"Rob comes day after to-morrow; he will be at the Inn."

Isabelle rose from the couch with a sudden revulsion in her heart. After all, was this calm, this peace that she had admired in Margaret and longed to possess herself, this Something which she had achieved and which seemed to put her beyond and above ordinary women, nothing but the woman's satisfaction in love, whose lover is seeking her? She found herself almost despising Margaret unreasonably. Some man! That created the firmament of women's heaven, with its sun and its moon and its stars. Remembered caresses and expected joys,--the woman's bliss of yielding to her chosen master,--was that all!

Margaret, following Isabelle with her eyes, seemed to comprehend this sudden change in her heart. But she merely remarked:--

"He cannot stay long,--only a couple of days, I believe."

"Tell me," Isabelle demanded sharply, as if she had the right to know, must know, "what are you going to do?"

Margaret closed her eyes, and after a time of utter stillness she said in a voice beseechingly tender:--

"Dear, perhaps I do not know, yet."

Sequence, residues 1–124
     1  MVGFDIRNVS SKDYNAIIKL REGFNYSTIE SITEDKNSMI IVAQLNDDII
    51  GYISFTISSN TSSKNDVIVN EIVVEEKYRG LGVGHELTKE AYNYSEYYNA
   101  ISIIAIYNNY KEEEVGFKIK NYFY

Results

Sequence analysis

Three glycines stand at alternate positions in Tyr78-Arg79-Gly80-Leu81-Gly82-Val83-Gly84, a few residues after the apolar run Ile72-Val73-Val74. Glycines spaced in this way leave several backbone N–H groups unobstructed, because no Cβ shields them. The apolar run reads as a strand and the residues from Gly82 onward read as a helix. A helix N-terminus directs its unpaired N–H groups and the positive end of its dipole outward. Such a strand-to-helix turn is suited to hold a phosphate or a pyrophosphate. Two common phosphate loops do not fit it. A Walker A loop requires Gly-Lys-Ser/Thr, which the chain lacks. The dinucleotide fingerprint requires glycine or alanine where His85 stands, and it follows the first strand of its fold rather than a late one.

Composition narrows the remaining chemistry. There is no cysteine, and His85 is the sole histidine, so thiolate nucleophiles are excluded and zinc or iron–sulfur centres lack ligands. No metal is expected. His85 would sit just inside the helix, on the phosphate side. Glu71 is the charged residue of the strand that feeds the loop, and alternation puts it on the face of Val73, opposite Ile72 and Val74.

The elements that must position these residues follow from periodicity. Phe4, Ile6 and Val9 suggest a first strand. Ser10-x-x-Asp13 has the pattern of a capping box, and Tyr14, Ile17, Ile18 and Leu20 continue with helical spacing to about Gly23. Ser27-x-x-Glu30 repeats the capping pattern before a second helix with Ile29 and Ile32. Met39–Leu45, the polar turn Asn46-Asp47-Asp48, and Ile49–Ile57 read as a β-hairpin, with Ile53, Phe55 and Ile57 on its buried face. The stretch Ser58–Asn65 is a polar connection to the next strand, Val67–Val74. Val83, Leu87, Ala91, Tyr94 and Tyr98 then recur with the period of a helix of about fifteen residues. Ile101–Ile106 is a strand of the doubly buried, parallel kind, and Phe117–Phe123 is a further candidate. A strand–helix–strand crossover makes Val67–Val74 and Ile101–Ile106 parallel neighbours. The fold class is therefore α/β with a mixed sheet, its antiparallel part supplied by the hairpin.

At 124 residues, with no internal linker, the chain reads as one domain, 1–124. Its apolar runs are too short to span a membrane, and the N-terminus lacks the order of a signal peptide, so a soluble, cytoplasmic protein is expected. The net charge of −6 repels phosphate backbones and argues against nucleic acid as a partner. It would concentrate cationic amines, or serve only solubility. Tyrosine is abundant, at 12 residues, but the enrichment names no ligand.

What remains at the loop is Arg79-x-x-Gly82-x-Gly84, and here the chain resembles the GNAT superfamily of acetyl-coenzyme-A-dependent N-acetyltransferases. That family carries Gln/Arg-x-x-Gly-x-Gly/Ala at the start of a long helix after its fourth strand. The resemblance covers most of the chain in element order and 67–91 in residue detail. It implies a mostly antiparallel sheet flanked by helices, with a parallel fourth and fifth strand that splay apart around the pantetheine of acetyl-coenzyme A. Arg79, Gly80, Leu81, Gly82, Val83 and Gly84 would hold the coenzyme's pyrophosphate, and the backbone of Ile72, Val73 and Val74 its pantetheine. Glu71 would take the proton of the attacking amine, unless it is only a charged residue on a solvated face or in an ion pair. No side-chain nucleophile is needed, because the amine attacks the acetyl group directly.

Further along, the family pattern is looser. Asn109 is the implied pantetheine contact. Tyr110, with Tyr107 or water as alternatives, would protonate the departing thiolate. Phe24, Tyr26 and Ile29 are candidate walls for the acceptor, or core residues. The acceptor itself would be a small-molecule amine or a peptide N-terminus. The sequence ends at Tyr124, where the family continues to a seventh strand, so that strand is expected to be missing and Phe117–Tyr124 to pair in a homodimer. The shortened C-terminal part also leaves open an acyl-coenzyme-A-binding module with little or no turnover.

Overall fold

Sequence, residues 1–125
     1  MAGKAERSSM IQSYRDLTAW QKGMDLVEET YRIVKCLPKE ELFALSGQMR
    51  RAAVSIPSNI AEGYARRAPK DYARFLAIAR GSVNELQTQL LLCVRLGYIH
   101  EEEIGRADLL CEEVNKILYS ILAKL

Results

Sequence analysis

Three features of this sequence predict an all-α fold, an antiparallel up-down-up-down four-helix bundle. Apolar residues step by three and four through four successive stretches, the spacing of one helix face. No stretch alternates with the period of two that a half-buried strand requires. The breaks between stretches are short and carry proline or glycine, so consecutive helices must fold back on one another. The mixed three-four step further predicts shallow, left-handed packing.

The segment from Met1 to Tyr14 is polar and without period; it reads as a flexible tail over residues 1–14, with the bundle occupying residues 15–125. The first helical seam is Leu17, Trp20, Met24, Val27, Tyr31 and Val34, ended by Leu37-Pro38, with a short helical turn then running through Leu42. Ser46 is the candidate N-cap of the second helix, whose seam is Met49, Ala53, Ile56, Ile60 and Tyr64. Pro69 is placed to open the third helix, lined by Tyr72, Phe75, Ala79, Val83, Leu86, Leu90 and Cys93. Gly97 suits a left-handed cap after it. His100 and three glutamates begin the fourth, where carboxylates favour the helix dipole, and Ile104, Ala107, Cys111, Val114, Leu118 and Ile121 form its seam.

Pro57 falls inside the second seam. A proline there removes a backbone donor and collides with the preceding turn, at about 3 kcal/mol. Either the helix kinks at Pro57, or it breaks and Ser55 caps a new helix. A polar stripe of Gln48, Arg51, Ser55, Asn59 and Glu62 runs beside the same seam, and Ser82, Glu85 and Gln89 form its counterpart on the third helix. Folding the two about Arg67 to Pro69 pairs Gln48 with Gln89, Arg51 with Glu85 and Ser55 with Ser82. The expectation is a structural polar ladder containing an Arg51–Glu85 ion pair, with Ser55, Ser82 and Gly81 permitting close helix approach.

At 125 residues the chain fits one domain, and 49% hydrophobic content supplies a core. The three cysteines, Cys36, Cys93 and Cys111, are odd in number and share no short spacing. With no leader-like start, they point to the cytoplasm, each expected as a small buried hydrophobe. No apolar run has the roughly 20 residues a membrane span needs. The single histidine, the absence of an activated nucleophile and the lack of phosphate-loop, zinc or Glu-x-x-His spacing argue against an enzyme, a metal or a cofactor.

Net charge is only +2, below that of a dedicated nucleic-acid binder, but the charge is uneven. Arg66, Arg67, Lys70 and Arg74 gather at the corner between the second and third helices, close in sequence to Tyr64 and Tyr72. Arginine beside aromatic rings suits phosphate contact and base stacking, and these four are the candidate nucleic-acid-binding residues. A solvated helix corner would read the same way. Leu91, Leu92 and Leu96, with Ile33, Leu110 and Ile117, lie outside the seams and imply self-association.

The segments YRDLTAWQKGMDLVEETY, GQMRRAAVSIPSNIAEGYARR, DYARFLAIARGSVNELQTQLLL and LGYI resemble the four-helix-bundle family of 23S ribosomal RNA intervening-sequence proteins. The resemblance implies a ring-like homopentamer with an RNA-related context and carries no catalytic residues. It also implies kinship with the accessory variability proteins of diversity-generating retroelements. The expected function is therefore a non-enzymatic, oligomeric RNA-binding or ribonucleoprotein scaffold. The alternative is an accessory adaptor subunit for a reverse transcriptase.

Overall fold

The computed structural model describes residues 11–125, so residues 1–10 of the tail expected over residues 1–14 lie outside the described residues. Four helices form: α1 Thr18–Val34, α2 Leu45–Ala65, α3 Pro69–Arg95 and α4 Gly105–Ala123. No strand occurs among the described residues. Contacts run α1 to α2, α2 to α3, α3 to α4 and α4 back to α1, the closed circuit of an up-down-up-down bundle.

Her eyes were wet with unaccustomed tears. Stretching a hand to Isabelle and smiling again, she murmured:--

"Whatever it will be, you must trust that it will be right for me and for him,--you must know that."

Isabelle pressed her hand gently:--

"Forgive me."

"And some day I will tell you."

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PART SIX CHAPTER LXIIMrs. Short peered through the dining-room window on the snow field,--a dazzling white under the March sun now well above the hills,--and watched the two black figures tracking their way on snow-shoes towards the forest. Margaret's slight figure swept ahead with a skill and assurance that the taller one did not show. "I guess," mused the blacksmith's wife, "that life on the Isthmus of Panama don't fit a man much to distinguish himself on those things." Nevertheless, the man tramped laboriously behind the woman until the two were halted by a fence, now visible through the sunken drift.
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PART SIX CHAPTER LXWhen Isabelle woke, the morning sun fretted the green shutters. She was tired in every limb,--limp, content to lie in bed while Mrs. Strong lighted the fire, threw open the shutters, and brought breakfast and the mail. Through the east windows the sun streamed in solidly, flooding the counterpane, warming the faded roses of the wall paper. A bit of the north range of hills, the flat summit of Belton's Top with a glittering ice-cap, she could see above the gray gable of the barn. The sky was a soft, cloudless blue, and the eaves were busily dripping